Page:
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Thursday, September 30, 2010

Oven Roasted Tomato Sauce

 By Abby of Love Made the Radish Grow
Though there have been no gluts of tomatoes this year, the plants we did get in are doing very well. I canned a bit of diced tomatoes to use for salsa throughout the winter, as we do not like canned salsa. The other big thing we use is sauce for pizza and pasta. I do not like just pureeing tomatoes and trying to get them cooked down and thickened up at the last minute-usually we have pizza or pasta when we are running short on time, so I needed a grab and go sauce. I found a recipe for an oven roasted sauce, and tweaked it a bit to our taste. It turned out beautifully and was very simple.
First, cut up enough tomatoes to generously fill a 9X13 or standard sized rectangular casserole dish. Put some olive oil in the bottom before you toss them in to help them from sticking and add flavor. I used about 1/4 c.  I kept the tomatoes in quarters-anything smaller and it can get very tedious to pick out the skins later. Then I quartered one onion and broke up the cloves of one large head of garlic, though I DID NOT skin them and put all of that on top. I also had a couple sweet peppers in there somewhere just chopped a bit.
Put all of this in a 450 degree oven for 45 minutes, then turn it down to 350 for another hour to two hours. Just watch everything roast. Once the tomatoes are sufficiently cooked down (their insides should squish well and the skins just fall off) and your garlic squeezes right out of the skins, you are done cooking.
Let everything rest on the counter until it cools enough you can handle it. It may take a while. Just cover it up and do something else. Once it is cool, squeeze the garlic out of its skins and remove all the tomatoes skins you find. All those skins will make your sauce bitter. Start moving the veggies to a food processor-it took a couple batches to get everything done.  Once you have pureed everything to a sauce, including all the juices in the bottom of the pan, mix your batches together and season with salt, pepper, oregano, basil and sugar to your taste. Fill jars and process 35 minutes for quarts, at 10 pounds pressure in your pressure canner.

12 comments:

Lena said...

Wow that sounds just so yum!

Erin said...

Do you add any extra acid to your tomatoes when you can them? I have read tomatoes can be tricky because they're right on the edge acidity-wise and can be prone to botulism. I also was told adding oil to canned sauce is not a good idea safety-wise?

I made some sauce similar to this but froze it. I haven't ever canned anything but would like to start. However, the tomato issues make me a little nervous. I wonder if pressure-canning the sauce would be safer?

Abby said...

I used the same ingredients as a ball tomato sauce recipe that had them hot water bathed, so it should be fine. There can be issues with acid in tomatoes, but I use varieties that I know are high in acid-I prefer them taste-wise anyway. If ever I am in doubt I add at least an extra 10 minutes to processing time. Pressure canning would not hurt the sauce, either, if you feel safer doing it that way. Most modern recipes add lemon juice to their sauces, which also would not hurt the flavor any, to compensate for not knowing the acidity of the tomatoes used.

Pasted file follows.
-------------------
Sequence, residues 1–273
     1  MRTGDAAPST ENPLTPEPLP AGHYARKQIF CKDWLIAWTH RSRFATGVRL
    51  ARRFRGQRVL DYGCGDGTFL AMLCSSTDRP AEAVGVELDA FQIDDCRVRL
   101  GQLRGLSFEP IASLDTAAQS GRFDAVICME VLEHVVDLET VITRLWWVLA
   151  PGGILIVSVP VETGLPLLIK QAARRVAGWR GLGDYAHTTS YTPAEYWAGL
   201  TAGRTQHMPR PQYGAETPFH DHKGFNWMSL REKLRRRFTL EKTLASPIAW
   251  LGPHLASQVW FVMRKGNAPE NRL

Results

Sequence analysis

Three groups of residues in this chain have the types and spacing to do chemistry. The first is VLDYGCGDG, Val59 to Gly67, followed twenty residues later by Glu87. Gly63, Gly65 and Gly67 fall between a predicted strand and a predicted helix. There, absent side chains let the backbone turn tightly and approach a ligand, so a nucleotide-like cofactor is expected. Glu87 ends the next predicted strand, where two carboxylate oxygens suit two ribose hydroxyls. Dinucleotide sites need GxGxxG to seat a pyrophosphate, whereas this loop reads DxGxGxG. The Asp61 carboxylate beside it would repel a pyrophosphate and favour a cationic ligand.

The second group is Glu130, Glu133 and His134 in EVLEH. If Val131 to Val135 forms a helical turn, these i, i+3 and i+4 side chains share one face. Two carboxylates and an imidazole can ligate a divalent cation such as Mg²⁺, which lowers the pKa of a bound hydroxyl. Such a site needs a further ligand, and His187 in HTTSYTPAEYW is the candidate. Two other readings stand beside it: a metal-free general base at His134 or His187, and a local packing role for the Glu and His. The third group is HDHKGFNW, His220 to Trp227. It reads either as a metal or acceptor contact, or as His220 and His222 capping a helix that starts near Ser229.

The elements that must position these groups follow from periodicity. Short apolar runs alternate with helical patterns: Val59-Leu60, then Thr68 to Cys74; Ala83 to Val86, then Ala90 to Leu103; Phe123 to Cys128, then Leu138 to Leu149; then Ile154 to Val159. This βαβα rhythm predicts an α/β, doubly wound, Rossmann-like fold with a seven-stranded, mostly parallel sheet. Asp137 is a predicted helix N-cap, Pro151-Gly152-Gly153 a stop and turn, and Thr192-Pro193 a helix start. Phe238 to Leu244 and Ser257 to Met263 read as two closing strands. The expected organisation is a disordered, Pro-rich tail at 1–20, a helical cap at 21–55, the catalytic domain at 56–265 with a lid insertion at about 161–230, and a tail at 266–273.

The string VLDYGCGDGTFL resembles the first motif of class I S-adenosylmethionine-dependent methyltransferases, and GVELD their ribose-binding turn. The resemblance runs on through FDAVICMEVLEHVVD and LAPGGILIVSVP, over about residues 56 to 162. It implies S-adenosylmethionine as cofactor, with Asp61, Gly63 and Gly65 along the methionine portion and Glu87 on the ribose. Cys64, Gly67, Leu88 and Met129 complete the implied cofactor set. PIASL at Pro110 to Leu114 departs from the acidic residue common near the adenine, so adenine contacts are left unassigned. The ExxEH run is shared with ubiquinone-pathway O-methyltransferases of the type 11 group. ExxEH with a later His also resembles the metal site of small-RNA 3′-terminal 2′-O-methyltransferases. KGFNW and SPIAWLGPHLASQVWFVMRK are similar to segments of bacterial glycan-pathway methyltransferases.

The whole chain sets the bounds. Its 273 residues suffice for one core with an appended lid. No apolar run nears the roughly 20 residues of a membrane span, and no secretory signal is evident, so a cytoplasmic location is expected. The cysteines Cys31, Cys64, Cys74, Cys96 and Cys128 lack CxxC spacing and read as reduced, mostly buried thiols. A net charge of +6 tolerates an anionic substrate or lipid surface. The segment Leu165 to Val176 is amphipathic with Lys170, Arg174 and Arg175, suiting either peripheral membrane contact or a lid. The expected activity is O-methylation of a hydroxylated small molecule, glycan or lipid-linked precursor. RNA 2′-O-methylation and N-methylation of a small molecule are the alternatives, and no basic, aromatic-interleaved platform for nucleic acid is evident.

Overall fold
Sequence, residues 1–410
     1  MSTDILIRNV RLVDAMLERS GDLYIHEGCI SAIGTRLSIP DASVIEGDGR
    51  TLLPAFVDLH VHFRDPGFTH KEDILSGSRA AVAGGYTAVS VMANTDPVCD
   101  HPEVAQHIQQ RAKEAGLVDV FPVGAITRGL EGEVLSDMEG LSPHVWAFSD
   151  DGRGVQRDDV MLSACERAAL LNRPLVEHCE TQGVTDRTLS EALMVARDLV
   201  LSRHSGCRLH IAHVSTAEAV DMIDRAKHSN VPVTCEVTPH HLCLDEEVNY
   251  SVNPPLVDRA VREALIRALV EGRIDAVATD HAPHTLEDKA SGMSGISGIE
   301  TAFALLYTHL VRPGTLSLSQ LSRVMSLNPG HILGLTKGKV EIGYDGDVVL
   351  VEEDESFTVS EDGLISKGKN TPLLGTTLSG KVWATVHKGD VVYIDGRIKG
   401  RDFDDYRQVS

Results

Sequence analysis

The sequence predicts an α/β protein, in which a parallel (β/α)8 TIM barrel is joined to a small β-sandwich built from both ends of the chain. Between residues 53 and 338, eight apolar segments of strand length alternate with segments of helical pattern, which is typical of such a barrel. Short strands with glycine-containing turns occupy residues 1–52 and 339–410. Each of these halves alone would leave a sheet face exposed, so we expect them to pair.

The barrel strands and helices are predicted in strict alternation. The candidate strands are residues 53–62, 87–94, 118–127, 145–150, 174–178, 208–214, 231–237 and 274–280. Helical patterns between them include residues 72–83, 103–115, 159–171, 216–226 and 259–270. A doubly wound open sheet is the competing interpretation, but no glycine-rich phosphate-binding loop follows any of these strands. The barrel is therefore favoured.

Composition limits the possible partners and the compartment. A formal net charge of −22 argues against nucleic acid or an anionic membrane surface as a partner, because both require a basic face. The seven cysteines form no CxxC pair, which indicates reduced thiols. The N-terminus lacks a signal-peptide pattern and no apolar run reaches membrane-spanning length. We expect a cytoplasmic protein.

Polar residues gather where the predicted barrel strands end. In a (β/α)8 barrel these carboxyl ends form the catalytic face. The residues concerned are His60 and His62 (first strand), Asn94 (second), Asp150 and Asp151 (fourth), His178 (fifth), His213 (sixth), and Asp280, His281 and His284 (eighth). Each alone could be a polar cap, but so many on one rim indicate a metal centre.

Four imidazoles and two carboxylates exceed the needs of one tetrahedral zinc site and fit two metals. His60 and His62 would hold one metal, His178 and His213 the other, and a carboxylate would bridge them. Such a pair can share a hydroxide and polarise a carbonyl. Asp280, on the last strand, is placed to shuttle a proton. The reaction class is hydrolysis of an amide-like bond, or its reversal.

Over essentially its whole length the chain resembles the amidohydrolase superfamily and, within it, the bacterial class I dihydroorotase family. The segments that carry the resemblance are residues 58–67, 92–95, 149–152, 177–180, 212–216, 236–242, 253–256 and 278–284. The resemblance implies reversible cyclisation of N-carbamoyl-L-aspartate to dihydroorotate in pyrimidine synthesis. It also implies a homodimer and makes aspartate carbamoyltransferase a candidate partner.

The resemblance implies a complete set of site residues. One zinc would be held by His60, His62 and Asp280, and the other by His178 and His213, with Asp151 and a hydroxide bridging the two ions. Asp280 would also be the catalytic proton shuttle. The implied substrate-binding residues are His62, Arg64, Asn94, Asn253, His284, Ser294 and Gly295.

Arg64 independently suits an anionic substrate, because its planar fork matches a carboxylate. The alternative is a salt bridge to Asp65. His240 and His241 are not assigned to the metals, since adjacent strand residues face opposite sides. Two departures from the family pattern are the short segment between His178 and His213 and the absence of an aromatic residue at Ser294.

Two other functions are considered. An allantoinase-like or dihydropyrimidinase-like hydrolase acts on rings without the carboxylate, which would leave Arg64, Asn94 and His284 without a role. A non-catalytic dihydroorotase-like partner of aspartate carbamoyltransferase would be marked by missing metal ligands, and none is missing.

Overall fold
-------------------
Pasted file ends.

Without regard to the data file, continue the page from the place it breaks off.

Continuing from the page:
Abby said...

I should add that the oil is there more for keeping the tomatoes from sticking to the bottom of the pan. You can easily leave it out. The amount that ends up in the sauce is rather negligible.

Michelle J said...

This is brilliant! I was just thinking of trying a roasted tomato sauce. Thanks for the info! :)

dixiebelle said...

I have trouble with making pasta sauce, but this sounds easy and delicious.... thank you, looking forward to an abundance of good, tasty tomatoes this year to use!

dixiebelle said...

Oh, and as for the acidity levels, I think you can test with litmus paper, or perhaps some other way, to test before canning/ preserving with tomatoes...

http://www.dummies.com/how-to/content/why-acidity-levels-are-important-when-canning-food.html

Rose said...

That is a great recipe!

Throwback at Trapper Creek said...

I add citric acid to each jar at canning. 1/4 teaspoon per pint, or 1/2 teaspoon per quart. I am always making sauce from a mixture of tomatoes, and even if a variety is supposed to be high or moderate acid, many factors such as soil fertility and irrigation can affect the final product and varies from garden/farm to garden/farm.

A longer processing time or pressure cooking won't make it safer if it is low acid unless you plan to boil your sauce in an open vessel for 15 minutes before tasting as is recommended for all home canned low acid vegetables. Some cooking uses would satisfy the boiling recommendation, and other may not, for instance pizza may not get hot enough to actually cook the sauce thoroughly, whereas pasta sauce could easily be cooked for 15 minutes.

Green Bean said...

Looks utterly amazing!

Anonymous said...

About how much sauce does this make?

Notes From The Frugal Trenches said...

Looks absolutely delicious!! I must try this soon!!